mactastic

macrumors 68040
Original poster
Apr 24, 2003
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Colly-fornia
The administration already felt the backlash of classifying veterans as extremists, I don't think they will make that mistake again.
sigh... Here we go again. Link please? Care to show us where the Obama administration classified veterans as extremists?

Of course we know how this will play out. You'll point to a right wing opinion source that makes such a claim on flimsy premises at best. You'll get all offended when I tell you that doesn't prove anything. You'll post another opinion piece or two and assert that "most people" see it this way. I'll again tell you that opinion isn't fact, you'll say something about how no proof is good enough for me, and that I'm only ignoring your mountain of overwhelming evidence because of my partisan blinders. And you'll never substantiate your original claim.
 

Zombie Acorn

macrumors 65816
Feb 2, 2009
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Toronto, Ontario
sigh... Here we go again. Link please? Care to show us where the Obama administration classified veterans as extremists?

Of course we know how this will play out. You'll point to a right wing opinion source that makes such a claim on flimsy premises at best. You'll get all offended when I tell you that doesn't prove anything. You'll post another opinion piece or two and assert that "most people" see it this way. I'll again tell you that opinion isn't fact, you'll say something about how no proof is good enough for me, and that I'm only ignoring your mountain of overwhelming evidence because of my partisan blinders. And you'll never substantiate your original claim.
http://www.cnn.com/2009/POLITICS/04/16/napolitano.apology/

I am sure she was apologizing for the heck of it. ;) I got it from CNN so you wouldn't pull the bias card.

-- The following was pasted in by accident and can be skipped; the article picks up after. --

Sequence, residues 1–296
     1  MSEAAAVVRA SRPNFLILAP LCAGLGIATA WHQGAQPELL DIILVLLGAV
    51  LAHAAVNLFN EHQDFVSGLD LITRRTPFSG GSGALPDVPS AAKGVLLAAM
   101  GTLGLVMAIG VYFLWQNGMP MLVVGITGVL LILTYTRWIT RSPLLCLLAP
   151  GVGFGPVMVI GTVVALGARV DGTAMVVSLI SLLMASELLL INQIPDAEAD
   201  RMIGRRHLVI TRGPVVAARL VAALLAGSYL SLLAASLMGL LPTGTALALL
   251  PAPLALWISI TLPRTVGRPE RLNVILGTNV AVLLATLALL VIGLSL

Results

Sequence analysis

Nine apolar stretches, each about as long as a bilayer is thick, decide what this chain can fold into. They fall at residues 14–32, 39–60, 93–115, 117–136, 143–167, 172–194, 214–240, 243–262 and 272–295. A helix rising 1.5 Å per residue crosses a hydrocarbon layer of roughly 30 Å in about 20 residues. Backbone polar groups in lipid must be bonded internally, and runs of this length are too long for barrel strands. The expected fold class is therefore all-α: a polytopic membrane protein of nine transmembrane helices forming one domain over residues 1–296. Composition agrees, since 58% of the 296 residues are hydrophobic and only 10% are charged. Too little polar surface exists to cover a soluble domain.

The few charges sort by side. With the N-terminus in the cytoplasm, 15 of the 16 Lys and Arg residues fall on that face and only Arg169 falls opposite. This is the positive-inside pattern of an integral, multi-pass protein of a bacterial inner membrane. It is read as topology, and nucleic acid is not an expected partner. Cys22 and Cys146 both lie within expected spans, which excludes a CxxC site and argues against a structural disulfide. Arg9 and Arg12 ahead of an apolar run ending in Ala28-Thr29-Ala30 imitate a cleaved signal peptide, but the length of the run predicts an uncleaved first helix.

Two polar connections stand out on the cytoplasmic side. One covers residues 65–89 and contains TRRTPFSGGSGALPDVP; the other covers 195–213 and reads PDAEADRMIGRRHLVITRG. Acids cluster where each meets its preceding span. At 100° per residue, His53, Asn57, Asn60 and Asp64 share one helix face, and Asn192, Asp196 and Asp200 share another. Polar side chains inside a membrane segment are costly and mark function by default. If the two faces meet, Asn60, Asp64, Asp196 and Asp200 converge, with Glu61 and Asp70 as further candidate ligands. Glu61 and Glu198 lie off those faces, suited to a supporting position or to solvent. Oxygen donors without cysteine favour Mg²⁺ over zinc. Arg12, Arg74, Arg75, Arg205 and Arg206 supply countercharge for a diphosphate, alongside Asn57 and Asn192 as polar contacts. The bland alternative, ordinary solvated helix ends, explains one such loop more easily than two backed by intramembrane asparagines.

kavika411

macrumors 6502a
Jan 8, 2006
617
3
Alabama
What if that Muslim group was stockpiling weapons and ammunition inside the US in anticipation of a day not far off when they would need to take up those arms against the US government? What would the GOP response be?... Openly advocating treason among the uniformed military? Advocating disloyalty to the US?
I'm talkin' about friendship. I'm talkin' about character. I'm talkin' about... Hell, Mactastic, I ain't embarrassed to use the word - I'm talkin' about hypocrisy.

And let's call a spade a spade. There ain't nothin' - and I do mean nothin' - worse than a politician or political position that is hypocritical. Nothin'. Nuff said.
 

Rt&Dzine

macrumors 6502a
Oct 8, 2008
736
5
The administration already felt the backlash of classifying veterans as extremists, I don't think they will make that mistake again.
Actions speak louder than words. The previous administration and their henchmen treated the veterans far worse. Look at what they did to Kerry, McCain, Cleland, etc. And cut veteran benefits, etc.

I'm talkin' about friendship. I'm talkin' about character. I'm talkin' about... Hell, Mactastic, I ain't embarrassed to use the word - I'm talkin' about hypocrisy.

And let's call a spade a spade. There ain't nothin' - and I do mean nothin' - worse than a politician or political position that is hypocritical. Nothin'. Nuff said.
Are you referring to the Republicans?
 

mcrain

macrumors 68000
Feb 8, 2002
1,768
11
Illinois
http://www.cnn.com/2009/POLITICS/04/16/napolitano.apology/

I am sure she was apologizing for the heck of it. ;) I got it from CNN so you wouldn't pull the bias card.
Did you even read what was said, or did you bother to even note what the report said that the veterans groups were bothered by?

No one, and I mean no one ever classified veterans as extremist groups; the report was about extremist groups that would target veterans coming back from the Iraq and Afghan wars.

Not veterans are extremists... but veterans are targeted by extremists.

Geez.